Search engine users click specialized content – specifically news, image and video – within general search results more than they do within vertical search results, according to the iProspect Blended Search Results Study conducted by JupiterResearch.
Google, Yahoo, and MSN have begun returning “blended” results for some percentage of the searches that users conduct; that is, a combination of one or more specialized search result types – such as news, images, and videos – appear alongside traditional web pages on the search results page.
Prior to Google’s launch of what it initially called “Universal Search” in May 2007, such specialized content was returned only as a result of a specifically targeted, “vertical” search (e.g., via a search engine’s “News” or “Image” tab).
Among the key findings of the iProspect study:
- 36% of search engines user click “news” results within blended search results, whereas only 17% click a “news” result after conducting a news-specific search.
- 31% of search engine users click “image” results within blended search results, whereas 26% click an “image” result after conducting an image-specific search.
- 17% of search engine users click “video” results within blended search results, whereas only 10% click a “video” result after conducting a video-specific search.
- Images are the most clicked type of result after a vertical-specific search; news items are the most clicked type of result within blended search results.
“Since users have historically ignored the vertical offerings of the major search engines, a marketer might conclude that users aren’t interested in that [specific] type of content and, as a result, not invest in producing or optimizing digital assets,” said Robert Murray, President, iProspect. “But that would be a mistake – the findings of this study make that quite clear. Marketers have a great opportunity to claim more search shelf space by optimizing their news, image, and video assets.”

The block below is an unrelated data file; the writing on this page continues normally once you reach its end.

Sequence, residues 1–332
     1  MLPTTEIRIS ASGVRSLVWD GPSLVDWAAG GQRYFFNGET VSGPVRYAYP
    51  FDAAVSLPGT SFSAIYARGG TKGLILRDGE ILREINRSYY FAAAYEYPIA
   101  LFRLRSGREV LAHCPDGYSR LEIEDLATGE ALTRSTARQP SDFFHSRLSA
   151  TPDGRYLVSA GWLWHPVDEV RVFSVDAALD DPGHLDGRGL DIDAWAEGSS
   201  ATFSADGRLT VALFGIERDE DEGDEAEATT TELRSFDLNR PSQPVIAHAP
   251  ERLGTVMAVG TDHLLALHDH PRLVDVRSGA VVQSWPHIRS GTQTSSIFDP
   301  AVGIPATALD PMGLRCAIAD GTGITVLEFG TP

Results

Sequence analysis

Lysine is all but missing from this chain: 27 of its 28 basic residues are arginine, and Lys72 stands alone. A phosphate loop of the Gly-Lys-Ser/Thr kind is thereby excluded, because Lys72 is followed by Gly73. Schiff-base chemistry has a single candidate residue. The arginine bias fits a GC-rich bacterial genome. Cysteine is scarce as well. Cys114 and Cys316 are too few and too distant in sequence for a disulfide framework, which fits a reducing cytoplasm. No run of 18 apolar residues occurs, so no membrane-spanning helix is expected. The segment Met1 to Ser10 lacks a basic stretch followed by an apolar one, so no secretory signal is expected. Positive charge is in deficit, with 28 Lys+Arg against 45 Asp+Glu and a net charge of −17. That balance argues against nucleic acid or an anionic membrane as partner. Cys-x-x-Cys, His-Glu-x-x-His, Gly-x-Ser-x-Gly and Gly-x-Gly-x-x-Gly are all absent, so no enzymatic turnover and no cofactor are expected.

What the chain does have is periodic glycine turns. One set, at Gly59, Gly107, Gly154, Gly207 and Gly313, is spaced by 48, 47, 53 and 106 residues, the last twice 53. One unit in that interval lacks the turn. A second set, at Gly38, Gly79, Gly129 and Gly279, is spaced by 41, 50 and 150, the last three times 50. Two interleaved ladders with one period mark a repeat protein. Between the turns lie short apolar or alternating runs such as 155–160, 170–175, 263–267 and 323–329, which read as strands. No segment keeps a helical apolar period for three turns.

“Last year was revolutionary in how blended search suddenly became the norm,” said Danny Sullivan, editor-in-chief of SearchEngineLand.com. “But despite the change, some marketers are still ignoring vertical search. That’s a mistake, as these vertical areas provide entirely new and valuable ways to jump into the main search results. And as the study shows, you not only get into the main results but you stand out there, more.”
The study also revealed some trends in user behavior derived from earlier iProspect studies in 2004 (Strategem Research), and 2002 (Vote.com) in regard to the first page of search results:
- 68% of search engine users now typically click results on the first page of search results, compared with 62% in 2006, and 60% in 2004.
- Only 8% of search engine users review more than the first three pages prior to clicking on a result.
- 49% of search engine users who continue their search when not finding what they are looking for change and/or re-launch their search after reviewing just the first page of search results, up from 40% in 2006, and 42% in 2004.
- 37% of online users associate appearance at the top of search results with a company’s leadership within its industry or category, up slightly from 35% in 2006 and 33% in 2002.
Overall, the findings of the study have clear implications for marketers, according to iProspect:
- Appearance on the first page of search results continues to gain importance, both from a traffic-generating perspective as well as a branding perspective.
- Those organizations with a diverse portfolio of digital assets are best positioned to capitalize on the benefits provided by blended search.
- Those who have not invested in developing and optimizing such assets should make it a priority to do so.
“Blended search allows marketers to capitalize on their digital assets without the need to effect a change in user behavior,” said Murray. “It essentially brings a variety of content types to users – where they are most comfortable and open to receiving it – and allows them to choose between the various result types. On top of that, it increases a marketer’s available inventory and their chances of being found.”
“The bottom line is that companies that have optimized a variety of digital assets will have a distinct advantage. Those who lack such assets will essentially forfeit page real estate to their competitors,” Murray concluded.